Mechanisms of plasmid behavioural manipulation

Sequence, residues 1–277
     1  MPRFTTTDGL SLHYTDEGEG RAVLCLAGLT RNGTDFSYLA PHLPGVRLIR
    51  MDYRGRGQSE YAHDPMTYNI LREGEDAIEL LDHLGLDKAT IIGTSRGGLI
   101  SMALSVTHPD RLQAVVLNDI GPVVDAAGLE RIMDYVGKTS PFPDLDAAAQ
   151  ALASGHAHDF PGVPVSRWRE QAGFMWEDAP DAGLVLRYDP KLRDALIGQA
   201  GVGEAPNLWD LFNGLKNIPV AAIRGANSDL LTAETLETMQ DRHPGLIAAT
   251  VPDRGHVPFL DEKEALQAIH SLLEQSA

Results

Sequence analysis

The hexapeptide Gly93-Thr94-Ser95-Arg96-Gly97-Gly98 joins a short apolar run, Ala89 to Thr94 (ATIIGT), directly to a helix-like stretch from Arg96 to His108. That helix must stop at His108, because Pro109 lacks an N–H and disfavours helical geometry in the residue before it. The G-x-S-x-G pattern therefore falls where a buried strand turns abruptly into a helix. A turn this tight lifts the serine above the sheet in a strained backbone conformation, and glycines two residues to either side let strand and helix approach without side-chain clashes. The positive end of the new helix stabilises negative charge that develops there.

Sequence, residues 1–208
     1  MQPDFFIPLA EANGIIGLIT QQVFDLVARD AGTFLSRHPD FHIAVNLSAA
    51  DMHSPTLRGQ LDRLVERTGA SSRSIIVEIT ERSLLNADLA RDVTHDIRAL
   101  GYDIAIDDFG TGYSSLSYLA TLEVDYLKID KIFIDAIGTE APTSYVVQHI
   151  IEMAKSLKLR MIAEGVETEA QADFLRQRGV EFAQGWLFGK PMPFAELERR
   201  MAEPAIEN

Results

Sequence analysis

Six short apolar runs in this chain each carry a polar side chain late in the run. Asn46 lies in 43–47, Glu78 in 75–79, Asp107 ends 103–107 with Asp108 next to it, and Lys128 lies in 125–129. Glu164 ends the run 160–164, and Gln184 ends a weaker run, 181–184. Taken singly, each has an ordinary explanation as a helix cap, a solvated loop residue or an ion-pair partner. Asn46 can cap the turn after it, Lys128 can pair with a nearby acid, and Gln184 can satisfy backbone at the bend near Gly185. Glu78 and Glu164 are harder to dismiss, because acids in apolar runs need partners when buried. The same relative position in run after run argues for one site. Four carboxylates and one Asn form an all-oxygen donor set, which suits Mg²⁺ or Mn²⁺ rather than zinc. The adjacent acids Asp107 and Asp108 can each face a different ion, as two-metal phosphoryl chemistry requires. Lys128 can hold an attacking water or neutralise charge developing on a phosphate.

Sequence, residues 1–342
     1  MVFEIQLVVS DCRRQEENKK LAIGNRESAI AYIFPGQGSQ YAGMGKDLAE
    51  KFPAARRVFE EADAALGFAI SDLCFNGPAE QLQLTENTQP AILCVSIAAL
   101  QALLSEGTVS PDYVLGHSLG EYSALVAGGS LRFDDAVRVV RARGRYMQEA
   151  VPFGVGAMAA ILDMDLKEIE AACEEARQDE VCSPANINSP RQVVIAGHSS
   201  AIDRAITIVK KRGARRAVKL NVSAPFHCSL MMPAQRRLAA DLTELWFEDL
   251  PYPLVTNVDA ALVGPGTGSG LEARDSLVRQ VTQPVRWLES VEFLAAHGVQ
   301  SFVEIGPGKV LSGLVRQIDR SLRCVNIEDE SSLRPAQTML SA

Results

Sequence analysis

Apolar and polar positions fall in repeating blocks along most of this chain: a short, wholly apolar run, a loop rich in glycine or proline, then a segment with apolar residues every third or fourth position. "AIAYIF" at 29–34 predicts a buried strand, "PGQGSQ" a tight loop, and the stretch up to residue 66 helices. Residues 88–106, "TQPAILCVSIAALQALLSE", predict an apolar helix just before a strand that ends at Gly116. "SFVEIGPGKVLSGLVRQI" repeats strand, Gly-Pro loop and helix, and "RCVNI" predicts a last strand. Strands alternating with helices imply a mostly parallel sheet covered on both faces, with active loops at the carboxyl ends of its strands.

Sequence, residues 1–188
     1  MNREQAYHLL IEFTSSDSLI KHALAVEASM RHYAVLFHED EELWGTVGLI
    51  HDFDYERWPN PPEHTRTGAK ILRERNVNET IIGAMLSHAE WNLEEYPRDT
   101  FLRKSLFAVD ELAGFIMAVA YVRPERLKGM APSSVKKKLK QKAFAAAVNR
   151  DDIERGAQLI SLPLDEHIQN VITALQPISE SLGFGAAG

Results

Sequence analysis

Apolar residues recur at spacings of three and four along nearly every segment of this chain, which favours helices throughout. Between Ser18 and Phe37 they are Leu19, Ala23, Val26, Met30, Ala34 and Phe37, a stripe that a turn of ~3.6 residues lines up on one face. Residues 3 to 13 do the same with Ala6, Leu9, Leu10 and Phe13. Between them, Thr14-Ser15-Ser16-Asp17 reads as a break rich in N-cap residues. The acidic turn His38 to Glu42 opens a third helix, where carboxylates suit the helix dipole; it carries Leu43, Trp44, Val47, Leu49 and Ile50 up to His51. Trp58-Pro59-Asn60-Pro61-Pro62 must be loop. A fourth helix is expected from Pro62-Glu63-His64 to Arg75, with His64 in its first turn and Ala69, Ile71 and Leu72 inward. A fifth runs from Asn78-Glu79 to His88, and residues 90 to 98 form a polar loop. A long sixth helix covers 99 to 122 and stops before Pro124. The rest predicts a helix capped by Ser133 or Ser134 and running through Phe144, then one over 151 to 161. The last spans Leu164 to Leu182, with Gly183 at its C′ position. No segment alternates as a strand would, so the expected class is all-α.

Large conjugative plasmids are key agents of horizontal gene transfer, sharing genetic material within bacterial populations. The classical model of plasmid maintenance suggests that as plasmid carriage is typically costly to the host, plasmid maintenance requires some form of selective environmental advantage, such as antibiotic resistance. However, it is becoming increasingly clear that plasmids have evolved multiple, ingenious ways to manipulate their hosts behaviour that enable them to be maintained and proliferate in the absence of obvious selection pressures. These processes are collectively termed plasmid-chromosome crosstalk (PCC). From the specific regulation of individual chromosomal loci to the global disruption of microbial regulatory networks, PCC regulators can override chromosomally encoded signalling pathways to cause adaptive shifts in their hosts proteome. These mechanisms of bacterial behavioural manipulation can lead to profound changes in the ability of bacteria to interact with their environment and other bacteria, with major implications both for environmental adaptation and clinical infections.